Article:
top of page

Leaning on your ancestors

All of my social media feeds are full of commentary about war between Israel and Palestine (or Hamas), facts about harm being done to innocent Palestinians and Israelis, thinkpieces on the decades long occupation of Palestine, and the corresponding grief, fear, and anger. This is on top of COVID, abhorrent things being done by the NC legislature, continues attacks on Black and Brown people and anti-LGBTQIA+ violence. The weight on our souls just seems to increase.


I always recommend taking time away from all forms of media (after all, there's only so much we can do about any of this, and constantly monitoring events only ratchets up our anxieties) and using that time to engage in something that brings people joy -- like a spiritual practice ;-) In this moment, especially as we come close to a time when, as many say, the veil is thin, I want to talk about leaning into the wisdom and strength of our ancestors.


Some definitions first, and caveats. We often think of our ancestors as our blood relatives. However, much like the term family, ancestor can be a much more broad term. Our ancestors do include our relatives by blood, but they can also include our relatives by adoption, people who have mentored us, people we have learned from or admired over the years, people in our religious or spiritual lineage and people in our line of work. However, just because we claim an ancestor does not mean they claim us. Unfortunately, the reverse is not always true, and we cannot decide a relative who was a flaming asshole is not an ancestor. We can, however, decide not to work with them at this time.


When beginning working with ancestors, it is important to make sure that the ancestors we call upon are kind, loving, wise and -- most importantly -- healed. We don't just die and become kind, loving, wise and have all of our earthly bullshit disappear. There is a time for working with wounded ancestors who have done harm -- this is truly important work -- but that takes training.


This doesn't mean we can't go read about or learn from some people in our respective lineages who were brilliant but terrible. I do, however, advise not putting those people on your altar or calling out to them in prayer.


It's also important we don't go around claiming ancestors from lineages to which we do not belong, especially communities that have experiences oppression we have not and lineages that are closed or have initiation practices to enter into. Particularly for those of us who are white: some practices, and some people, just aren't for us.


Why turn to the ancestors in times of trial?


One reason is perspective. Hearing or reading the stories of generations past can help us understand the present. Their stories can help us see that there are cycles of shit getting bad, but through the power of community, people survive. Sometimes these stories can also help us see that what is happening right now isn't actually as bad as we think it is. We can metaphorically lean back on their strength and words of wisdom. They can provide us with a blueprint of how to get by when everything seems to be falling apart.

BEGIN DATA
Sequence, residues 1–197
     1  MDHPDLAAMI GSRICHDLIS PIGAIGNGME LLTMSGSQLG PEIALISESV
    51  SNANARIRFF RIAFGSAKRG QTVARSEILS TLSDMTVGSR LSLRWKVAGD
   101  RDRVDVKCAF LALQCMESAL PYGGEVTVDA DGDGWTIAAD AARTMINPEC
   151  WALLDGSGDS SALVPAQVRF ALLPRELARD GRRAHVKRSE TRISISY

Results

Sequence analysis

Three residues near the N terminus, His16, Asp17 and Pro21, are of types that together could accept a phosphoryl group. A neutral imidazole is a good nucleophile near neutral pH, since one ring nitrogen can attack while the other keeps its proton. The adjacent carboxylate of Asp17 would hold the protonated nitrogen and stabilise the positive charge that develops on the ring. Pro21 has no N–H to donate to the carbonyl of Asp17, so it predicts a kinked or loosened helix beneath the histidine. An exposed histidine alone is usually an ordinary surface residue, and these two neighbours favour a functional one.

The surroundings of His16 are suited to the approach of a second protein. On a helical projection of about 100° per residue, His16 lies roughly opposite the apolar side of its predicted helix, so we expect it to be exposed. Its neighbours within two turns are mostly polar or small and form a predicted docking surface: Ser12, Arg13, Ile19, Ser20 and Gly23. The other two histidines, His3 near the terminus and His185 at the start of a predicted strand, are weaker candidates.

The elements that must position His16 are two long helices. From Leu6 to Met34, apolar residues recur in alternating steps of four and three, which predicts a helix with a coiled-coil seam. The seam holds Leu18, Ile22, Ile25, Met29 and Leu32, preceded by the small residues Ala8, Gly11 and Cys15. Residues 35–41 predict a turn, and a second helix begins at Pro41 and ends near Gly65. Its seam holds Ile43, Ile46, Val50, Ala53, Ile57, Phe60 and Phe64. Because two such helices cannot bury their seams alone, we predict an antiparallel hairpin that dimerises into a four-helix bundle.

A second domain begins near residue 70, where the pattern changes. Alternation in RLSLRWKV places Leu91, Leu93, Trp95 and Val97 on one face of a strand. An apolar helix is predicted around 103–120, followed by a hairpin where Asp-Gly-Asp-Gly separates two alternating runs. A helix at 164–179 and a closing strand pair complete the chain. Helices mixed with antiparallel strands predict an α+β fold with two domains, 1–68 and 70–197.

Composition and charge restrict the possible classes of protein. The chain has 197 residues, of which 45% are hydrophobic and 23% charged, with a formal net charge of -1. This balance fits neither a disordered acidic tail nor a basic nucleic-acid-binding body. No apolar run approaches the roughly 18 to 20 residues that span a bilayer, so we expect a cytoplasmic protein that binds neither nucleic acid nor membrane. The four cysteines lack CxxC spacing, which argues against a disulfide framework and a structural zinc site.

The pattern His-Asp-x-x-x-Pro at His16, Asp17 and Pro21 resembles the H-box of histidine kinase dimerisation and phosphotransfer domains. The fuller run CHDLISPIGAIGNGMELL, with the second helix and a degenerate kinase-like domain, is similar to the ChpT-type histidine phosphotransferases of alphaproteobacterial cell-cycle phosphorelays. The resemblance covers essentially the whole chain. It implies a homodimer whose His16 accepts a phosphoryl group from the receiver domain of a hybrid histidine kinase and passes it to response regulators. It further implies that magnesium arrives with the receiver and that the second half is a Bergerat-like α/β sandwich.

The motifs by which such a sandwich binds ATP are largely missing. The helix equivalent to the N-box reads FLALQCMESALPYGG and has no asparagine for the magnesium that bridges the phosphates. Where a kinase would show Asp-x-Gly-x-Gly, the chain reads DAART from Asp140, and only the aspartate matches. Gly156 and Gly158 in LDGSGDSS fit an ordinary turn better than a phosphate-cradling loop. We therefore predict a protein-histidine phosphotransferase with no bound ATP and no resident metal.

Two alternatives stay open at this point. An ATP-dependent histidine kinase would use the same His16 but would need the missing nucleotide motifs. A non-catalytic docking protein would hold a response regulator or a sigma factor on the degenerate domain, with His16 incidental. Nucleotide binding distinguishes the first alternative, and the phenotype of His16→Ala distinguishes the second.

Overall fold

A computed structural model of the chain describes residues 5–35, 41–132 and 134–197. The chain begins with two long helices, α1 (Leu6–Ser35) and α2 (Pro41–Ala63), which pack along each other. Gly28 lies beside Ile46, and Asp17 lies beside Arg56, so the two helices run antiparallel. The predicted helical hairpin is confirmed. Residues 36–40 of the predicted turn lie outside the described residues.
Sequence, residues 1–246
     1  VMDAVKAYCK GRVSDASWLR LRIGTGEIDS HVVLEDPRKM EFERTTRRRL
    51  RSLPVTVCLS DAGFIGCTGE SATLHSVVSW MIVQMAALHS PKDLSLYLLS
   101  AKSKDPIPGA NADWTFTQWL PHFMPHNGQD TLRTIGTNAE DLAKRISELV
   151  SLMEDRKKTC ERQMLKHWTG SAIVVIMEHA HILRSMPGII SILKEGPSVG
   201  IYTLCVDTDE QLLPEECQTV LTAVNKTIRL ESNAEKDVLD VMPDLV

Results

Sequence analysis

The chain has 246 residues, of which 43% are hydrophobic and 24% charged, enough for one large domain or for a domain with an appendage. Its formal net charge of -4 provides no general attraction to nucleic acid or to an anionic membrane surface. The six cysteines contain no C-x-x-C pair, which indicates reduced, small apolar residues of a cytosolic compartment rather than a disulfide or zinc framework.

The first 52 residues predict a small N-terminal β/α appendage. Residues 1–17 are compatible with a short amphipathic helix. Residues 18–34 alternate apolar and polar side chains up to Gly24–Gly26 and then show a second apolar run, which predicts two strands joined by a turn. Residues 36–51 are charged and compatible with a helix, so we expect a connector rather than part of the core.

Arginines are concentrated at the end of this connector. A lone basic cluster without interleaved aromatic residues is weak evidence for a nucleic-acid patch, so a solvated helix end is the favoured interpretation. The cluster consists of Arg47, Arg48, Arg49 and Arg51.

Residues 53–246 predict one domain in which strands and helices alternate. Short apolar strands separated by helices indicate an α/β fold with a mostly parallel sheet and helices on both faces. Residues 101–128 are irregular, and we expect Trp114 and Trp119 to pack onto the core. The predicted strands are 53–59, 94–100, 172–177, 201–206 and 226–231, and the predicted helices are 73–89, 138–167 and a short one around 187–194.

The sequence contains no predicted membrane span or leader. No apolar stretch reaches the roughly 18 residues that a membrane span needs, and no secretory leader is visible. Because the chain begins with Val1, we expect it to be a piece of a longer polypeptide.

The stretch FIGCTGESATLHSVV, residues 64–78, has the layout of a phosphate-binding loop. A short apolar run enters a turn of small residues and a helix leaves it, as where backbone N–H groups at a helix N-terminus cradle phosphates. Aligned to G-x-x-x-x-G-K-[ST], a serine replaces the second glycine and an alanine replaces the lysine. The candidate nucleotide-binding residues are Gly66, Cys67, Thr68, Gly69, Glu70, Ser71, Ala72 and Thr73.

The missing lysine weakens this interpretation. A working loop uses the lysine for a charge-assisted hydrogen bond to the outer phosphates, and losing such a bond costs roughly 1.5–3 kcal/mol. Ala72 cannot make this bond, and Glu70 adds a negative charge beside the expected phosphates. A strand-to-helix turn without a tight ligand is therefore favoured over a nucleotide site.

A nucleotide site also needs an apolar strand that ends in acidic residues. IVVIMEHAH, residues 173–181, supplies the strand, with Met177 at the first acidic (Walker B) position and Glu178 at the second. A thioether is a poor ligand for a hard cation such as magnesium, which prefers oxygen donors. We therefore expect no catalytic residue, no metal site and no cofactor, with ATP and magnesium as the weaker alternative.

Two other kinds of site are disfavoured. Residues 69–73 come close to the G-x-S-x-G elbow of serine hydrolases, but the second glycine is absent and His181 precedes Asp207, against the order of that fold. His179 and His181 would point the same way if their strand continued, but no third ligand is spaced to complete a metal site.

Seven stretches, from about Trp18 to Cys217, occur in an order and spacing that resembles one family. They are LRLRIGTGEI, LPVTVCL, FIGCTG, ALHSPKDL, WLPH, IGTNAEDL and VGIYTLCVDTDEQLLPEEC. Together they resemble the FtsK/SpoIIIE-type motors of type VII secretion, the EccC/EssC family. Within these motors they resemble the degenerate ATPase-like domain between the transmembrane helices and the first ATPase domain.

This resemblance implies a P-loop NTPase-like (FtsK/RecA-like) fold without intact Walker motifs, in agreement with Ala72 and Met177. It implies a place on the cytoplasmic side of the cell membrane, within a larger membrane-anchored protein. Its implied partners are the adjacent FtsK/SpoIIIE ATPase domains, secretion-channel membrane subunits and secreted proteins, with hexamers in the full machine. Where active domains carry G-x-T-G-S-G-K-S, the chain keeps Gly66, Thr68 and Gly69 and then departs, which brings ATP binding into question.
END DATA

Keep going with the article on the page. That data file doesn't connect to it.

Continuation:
We might also glean a sense of what not to do if your lineage is full of harm doers and oppressors. For example, one of my ancestors was the secretary for the Massachusetts Bay Colony and, as part of that post, was secretary for some witch trials. A bright, shining example of how not to respond to collective hysteria.


Spiritually, we can call on our wise, loving, healed ancestors in prayer to support us through difficult times. We can meditate on their hands on our backs, holding us up, or on them pulling us through. We can ask for them to appear to us in dreams and that they might provide us with sage advice or just quiet presence. Depending on one's awareness, it might be possible to feel their presence with us when times are tough, and that supportive presence can make all the difference.


At this time of year, we can set up altars to ancestors in our homes. We can place upon them photos, memorabilia, things that remind us of them. Include offerings of their favorite foods or drinks and some flowers, as though setting the table for a loved one. I would advise *not* setting this up in a bedroom unless you specifically wish to be poked by them at night, and, if possible, not in the same space as your main altar unless you plan on calling on your ancestors for every prayer. In my experience, ancestors have opinions about our lives, and are more than happy to share them. Frequently. Possibly loudly.


Now, I am not at a place where I can teach anyone how to do their own ancestral work. What I have learned has been from my amazing teachers and the work of Daniel Foor, who I highly recommend if you are interested in engaging ancestral work deeply (which I do recommend, especially if your lineage is kind of fucked and needs some healing). I offer this much because a) ancestors can be an amazing resource and b) I believe it is really important to take care when doing ancestral work.


Remember, your (healed) ancestors have your back.



Recent Posts

See All

Climate Crisis & Trauma

The scenes from Lahaina are gut-wrenching. I’m fortunate enough to have been there a couple of times — visiting family as a child and with my mom as an adult — and I have vivid memories of the places

Comments


  • Facebook
  • Instagram
  • TikTok
bottom of page